67. In addition to her own experience her report explained that she had relied on a number of UN and NGO reports and the report by the UK International Development Committee ‘Darfur – the Responsibility to Protect’ (March 2005). She also had sight, inter alia, of ‘not for distribution’ documents to and from NGOs, DFID and the British Embassy in Khartoum. She had also had recent (2006) discussions with informed individuals working in Khartoum, as well as discussions with a person from Darfur currently in the UK seeking international protection and had read a selected number of interviews of such persons provided to her by the Aegis Trust.
68. In her report she first dealt with the armed conflict in Darfur, against the background of the Comprehensive Peace Agreement (CPA) signed in January 2005 between the main parties involved in the armed conflict in the south – Africa’s longest civil war. The CPA, the introduction of the interim constitution, the setting of elections in 2009 and of a referendum on the North/South divide in 2011 and the creation of a Government of National Unity were all important developments. But they had not resulted in any positive fundamental changes to the structure of the government, its strategies or its accountability.
69. The Arab/African tribal characterisation of the conflict did not mean, the report said, that it is a ‘tribal war’. The Sudan Liberation Movement (SLM)/Sudan Liberation Army (SLA) and the Justice and Equality Movement (JEM) both described their grievances as being about Darfur, the place, not Darfur, the tribal home. One of the reasons why the government had turned to the Janjaweed as a proxy militia to combat these rebel groups was that it had been preoccupied with the South. Its decision to target the civilian population in Darfur was taken in 2003, in response to their view that the rebels had gained too much power in the rural areas. Although the government had asserted that it has had no control over the Janjaweed and that the latter was never under the control or command of the state authorities, the UN General Assembly, the UN Security Council and the Commission on Human Rights have all taken a different view. Nor were the signs hopeful that the Darfur Peace Agreement (DPA) signed in early May 2006 (but not by the JEM or a smaller faction of the SLM/A) would be effective: since then there has been intense fighting between the rebel groups as well as attacks on villages and civilians allegedly by Janjaweed.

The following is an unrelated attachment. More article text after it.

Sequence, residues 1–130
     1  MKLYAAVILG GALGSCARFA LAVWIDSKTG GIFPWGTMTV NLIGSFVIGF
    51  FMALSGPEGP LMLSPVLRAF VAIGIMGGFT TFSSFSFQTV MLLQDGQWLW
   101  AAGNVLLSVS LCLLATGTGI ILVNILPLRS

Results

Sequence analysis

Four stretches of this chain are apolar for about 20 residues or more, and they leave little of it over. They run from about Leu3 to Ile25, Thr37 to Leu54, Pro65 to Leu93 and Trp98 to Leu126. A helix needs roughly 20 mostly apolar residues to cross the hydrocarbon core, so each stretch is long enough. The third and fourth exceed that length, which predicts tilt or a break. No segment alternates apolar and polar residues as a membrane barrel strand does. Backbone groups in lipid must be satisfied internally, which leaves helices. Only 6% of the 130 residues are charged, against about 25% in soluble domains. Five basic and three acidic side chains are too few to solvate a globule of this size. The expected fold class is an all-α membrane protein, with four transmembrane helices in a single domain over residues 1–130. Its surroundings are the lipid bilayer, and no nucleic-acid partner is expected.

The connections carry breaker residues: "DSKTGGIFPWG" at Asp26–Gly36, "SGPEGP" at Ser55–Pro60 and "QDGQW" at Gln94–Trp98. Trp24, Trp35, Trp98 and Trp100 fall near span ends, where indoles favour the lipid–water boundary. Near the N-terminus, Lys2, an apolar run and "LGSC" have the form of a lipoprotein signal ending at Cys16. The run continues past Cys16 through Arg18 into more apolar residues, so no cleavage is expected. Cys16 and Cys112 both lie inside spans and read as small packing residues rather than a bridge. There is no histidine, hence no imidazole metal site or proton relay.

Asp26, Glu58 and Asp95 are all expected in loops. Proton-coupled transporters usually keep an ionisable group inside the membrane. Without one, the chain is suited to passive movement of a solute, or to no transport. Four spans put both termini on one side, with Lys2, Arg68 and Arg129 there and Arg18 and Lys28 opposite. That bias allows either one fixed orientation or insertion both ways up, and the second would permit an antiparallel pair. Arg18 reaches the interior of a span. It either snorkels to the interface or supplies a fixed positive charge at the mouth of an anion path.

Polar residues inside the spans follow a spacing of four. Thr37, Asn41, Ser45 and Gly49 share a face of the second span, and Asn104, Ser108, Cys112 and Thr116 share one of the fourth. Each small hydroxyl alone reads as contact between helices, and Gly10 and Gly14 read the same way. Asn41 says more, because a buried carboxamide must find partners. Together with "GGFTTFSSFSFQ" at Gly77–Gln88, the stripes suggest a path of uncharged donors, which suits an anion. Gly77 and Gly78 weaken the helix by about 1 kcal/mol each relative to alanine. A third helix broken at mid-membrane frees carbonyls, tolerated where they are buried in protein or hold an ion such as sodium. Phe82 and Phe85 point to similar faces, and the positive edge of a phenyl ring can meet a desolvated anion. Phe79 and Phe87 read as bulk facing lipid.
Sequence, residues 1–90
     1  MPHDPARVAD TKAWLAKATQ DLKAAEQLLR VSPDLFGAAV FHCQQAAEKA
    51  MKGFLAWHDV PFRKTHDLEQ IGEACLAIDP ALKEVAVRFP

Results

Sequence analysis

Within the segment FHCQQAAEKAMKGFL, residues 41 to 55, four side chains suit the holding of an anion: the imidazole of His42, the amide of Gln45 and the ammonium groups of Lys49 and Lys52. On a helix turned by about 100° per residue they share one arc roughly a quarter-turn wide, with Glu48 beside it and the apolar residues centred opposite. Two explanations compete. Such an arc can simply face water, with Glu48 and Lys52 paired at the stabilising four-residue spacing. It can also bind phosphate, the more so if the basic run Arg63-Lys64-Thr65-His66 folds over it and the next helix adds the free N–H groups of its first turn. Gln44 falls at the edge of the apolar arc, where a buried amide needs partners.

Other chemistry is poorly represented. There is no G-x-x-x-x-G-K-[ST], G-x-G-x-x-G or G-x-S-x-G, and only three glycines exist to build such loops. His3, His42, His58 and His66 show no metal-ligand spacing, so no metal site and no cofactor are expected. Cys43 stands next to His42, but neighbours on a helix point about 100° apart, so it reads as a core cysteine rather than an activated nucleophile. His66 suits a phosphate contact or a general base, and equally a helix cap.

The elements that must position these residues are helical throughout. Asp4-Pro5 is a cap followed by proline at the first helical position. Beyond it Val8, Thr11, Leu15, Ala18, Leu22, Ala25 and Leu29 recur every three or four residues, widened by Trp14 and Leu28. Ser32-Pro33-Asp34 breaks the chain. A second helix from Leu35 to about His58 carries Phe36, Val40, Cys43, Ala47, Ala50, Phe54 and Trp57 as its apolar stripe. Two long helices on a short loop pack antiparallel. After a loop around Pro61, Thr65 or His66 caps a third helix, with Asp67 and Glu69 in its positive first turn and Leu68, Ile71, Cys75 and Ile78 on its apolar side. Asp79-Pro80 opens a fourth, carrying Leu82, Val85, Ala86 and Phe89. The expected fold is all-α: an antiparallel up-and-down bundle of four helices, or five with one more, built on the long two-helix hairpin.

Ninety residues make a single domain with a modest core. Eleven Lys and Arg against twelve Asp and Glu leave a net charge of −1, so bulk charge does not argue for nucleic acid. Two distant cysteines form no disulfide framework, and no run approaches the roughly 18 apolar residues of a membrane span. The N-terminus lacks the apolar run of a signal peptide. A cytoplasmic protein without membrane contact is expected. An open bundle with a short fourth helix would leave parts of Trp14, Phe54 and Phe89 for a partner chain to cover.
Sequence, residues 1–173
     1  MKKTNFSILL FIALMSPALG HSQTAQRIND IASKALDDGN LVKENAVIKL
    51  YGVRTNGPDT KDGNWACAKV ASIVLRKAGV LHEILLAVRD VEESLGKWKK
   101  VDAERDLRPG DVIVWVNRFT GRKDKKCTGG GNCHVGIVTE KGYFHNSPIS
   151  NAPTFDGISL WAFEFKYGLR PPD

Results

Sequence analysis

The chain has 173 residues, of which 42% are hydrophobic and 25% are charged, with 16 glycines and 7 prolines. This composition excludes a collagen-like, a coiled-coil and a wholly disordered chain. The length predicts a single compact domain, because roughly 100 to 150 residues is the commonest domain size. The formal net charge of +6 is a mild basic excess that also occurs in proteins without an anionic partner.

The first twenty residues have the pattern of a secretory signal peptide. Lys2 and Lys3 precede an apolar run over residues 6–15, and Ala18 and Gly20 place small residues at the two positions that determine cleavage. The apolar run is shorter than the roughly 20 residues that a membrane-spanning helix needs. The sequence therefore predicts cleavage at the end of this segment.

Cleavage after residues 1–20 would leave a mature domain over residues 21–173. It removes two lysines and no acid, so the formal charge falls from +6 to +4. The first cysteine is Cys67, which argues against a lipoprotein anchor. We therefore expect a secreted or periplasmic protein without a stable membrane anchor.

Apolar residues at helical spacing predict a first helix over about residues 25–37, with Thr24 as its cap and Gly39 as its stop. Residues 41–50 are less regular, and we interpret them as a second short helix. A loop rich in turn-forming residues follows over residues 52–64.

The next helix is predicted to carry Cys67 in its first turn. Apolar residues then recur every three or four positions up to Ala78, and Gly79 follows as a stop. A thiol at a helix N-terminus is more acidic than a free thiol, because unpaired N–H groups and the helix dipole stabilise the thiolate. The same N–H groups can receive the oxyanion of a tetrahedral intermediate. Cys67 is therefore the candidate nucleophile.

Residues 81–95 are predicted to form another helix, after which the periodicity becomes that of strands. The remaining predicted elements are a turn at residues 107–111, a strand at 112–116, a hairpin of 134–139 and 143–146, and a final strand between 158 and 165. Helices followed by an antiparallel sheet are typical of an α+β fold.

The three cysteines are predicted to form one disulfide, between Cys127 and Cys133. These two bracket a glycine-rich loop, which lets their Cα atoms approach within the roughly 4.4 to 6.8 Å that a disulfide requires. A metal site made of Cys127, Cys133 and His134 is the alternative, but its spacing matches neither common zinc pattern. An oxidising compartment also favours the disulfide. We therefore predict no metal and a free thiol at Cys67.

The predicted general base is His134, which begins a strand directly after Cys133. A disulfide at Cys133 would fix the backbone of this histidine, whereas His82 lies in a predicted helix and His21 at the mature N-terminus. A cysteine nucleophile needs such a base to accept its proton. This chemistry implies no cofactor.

70. The Security Council Resolution of May 16, 2006 had been met so far by government resistance to the active involvement of UN peacekeepers. Recent clashes in neighbouring Chad had meant a deterioration in the security situation for refugees from Darfur.